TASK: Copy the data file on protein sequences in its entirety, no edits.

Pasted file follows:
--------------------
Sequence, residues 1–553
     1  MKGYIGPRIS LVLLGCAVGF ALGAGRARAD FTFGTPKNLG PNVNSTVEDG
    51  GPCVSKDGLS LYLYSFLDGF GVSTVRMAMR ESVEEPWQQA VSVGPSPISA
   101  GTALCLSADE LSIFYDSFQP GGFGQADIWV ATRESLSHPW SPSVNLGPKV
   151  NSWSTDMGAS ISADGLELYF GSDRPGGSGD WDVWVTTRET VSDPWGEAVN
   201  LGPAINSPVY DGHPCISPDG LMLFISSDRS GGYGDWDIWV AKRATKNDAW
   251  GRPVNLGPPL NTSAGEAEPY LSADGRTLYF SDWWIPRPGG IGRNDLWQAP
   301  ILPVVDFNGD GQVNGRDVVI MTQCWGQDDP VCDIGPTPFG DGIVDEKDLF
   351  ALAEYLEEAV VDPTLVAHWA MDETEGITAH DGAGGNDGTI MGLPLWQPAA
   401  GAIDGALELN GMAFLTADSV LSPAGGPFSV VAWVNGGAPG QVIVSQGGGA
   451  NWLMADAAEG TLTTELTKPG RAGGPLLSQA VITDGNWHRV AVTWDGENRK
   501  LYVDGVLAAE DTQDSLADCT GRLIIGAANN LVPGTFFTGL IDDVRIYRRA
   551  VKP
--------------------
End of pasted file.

Sequence, residues 1–553
     1  MKGYIGPRIS LVLLGCAVGF ALGAGRARAD FTFGTPKNLG PNVNSTVEDG
    51  GPCVSKDGLS LYLYSFLDGF GVSTVRMAMR ESVEEPWQQA VSVGPSPISA
   101  GTALCLSADE LSIFYDSFQP GGFGQADIWV ATRESLSHPW SPSVNLGPKV
   151  NSWSTDMGAS ISADGLELYF GSDRPGGSGD WDVWVTTRET VSDPWGEAVN
   201  LGPAINSPVY DGHPCISPDG LMLFISSDRS GGYGDWDIWV AKRATKNDAW
   251  GRPVNLGPPL NTSAGEAEPY LSADGRTLYF SDWWIPRPGG IGRNDLWQAP
   301  ILPVVDFNGD GQVNGRDVVI MTQCWGQDDP VCDIGPTPFG DGIVDEKDLF
   351  ALAEYLEEAV VDPTLVAHWA MDETEGITAH DGAGGNDGTI MGLPLWQPAA
   401  GAIDGALELN GMAFLTADSV LSPAGGPFSV VAWVNGGAPG QVIVSQGGGA
   451  NWLMADAAEG TLTTELTKPG RAGGPLLSQA VITDGNWHRV AVTWDGENRK
   501  LYVDGVLAAE DTQDSLADCT GRLIIGAANN LVPGTFFTGL IDDVRIYRRA
   551  VKP